Children looked after by local authorities are facing a “silent crisis”, new research by the Social Market Foundation thinktank indicates.
Some 65 percent of looked after children are in the care of a local authority that falls short of a good standard.
And of those children 13,790 are receiving care services that are “inadequate”—the lowest ranking.
The findings are a result of data analysis from Ofsted that looked at English councils’ services for children in need of help and protection, looked after children and care leavers.
Better care is urgently needed for children, as they are already more likely to experience lifelong social and economic problems.
For instance, about 25 percent of the adult prison population had previously been in care—despite only 1 percent of children being looked after.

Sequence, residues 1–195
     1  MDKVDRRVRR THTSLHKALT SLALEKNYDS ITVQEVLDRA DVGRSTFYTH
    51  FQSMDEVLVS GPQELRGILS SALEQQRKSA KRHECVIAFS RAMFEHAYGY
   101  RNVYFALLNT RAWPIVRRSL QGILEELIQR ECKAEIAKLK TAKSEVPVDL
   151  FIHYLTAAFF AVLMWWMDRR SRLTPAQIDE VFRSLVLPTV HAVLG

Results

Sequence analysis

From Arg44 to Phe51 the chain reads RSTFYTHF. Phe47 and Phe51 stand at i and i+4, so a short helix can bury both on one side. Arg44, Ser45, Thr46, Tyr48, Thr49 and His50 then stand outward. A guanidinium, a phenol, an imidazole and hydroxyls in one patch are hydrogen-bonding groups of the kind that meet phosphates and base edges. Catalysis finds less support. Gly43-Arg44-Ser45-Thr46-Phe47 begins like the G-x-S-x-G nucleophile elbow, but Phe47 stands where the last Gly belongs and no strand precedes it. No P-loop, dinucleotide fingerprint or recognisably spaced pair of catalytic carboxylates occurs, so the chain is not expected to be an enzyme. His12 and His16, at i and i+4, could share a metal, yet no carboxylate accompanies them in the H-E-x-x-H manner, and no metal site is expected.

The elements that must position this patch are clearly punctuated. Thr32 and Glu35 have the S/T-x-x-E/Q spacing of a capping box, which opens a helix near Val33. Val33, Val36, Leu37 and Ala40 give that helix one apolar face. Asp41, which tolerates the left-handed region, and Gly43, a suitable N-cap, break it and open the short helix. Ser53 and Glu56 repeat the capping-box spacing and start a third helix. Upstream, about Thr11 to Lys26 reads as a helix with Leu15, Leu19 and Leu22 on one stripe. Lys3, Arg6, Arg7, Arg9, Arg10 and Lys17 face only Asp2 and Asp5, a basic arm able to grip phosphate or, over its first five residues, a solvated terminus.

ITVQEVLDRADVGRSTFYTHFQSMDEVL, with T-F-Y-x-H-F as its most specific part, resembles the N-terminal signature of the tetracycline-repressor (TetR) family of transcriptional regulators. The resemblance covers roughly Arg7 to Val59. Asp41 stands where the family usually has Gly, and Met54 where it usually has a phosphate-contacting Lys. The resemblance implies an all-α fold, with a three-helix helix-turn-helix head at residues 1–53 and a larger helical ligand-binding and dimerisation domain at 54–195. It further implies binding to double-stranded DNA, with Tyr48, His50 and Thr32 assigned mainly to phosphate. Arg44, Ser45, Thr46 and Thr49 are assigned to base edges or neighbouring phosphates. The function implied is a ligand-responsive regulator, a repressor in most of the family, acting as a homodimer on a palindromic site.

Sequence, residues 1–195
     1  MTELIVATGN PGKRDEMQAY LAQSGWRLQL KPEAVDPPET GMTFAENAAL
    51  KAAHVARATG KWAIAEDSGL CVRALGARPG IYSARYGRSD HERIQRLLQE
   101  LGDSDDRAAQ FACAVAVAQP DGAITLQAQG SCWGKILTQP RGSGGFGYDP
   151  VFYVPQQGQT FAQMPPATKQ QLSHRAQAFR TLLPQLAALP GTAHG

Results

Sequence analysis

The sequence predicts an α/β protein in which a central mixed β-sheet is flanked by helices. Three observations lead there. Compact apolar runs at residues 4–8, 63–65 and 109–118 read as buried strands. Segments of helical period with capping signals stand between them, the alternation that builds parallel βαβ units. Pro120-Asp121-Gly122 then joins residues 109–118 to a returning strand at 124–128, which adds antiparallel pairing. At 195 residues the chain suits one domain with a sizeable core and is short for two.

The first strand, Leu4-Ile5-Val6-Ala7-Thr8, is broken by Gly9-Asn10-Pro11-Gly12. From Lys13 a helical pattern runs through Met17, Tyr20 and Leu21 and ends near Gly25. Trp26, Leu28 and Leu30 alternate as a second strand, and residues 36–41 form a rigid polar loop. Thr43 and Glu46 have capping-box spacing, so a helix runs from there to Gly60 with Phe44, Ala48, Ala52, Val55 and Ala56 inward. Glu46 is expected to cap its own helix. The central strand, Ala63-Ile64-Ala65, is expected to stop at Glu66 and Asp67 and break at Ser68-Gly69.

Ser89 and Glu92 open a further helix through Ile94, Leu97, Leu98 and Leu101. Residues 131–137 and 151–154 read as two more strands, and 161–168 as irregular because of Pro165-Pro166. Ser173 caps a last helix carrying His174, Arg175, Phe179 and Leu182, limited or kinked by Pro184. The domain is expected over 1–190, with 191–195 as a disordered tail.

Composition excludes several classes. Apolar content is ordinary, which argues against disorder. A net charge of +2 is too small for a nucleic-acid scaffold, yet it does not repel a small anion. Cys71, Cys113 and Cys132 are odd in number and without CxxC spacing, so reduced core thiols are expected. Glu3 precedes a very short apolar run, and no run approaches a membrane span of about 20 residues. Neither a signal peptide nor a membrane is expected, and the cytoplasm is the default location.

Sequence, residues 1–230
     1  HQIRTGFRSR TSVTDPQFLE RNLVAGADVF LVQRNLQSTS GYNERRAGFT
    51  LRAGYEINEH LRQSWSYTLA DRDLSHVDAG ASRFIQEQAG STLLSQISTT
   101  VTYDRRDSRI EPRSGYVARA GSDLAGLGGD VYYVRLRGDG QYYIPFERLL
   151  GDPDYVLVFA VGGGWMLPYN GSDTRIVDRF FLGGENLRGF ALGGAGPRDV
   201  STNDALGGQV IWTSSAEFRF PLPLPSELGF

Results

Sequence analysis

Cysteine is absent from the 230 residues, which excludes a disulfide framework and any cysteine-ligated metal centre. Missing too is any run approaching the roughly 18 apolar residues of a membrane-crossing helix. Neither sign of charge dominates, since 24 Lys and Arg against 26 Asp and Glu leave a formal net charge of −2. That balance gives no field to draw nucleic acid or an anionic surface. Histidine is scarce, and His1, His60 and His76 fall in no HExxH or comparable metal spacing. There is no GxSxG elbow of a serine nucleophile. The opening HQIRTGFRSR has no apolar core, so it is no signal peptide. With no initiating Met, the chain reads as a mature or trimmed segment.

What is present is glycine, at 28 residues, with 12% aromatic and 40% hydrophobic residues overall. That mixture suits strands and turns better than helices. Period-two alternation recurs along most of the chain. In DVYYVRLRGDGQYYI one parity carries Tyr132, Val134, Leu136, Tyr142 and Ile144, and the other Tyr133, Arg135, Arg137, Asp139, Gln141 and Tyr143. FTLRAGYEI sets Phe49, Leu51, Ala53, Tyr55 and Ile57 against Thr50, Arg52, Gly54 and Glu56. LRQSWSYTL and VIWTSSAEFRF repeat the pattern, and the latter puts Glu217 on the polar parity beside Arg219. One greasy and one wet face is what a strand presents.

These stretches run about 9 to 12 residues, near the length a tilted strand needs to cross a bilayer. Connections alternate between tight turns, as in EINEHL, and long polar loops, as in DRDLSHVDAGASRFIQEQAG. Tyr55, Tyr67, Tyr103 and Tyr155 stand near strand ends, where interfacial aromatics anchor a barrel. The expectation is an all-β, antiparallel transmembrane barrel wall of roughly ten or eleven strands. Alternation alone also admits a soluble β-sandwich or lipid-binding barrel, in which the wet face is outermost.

But instead of improving services, the Tories’ attacks on local authorities means that children looked after by councils are bearing the brunt of austerity and cutbacks.
Matthew Oakley, a senior researcher at SMF, said the report shows “these children desperately need the people who are supposed to lead this country to pay more attention and commit to improving children’s services.
“We all then have a duty to hold politicians to account to ensure that the support and outcomes for these vulnerable children are improved.”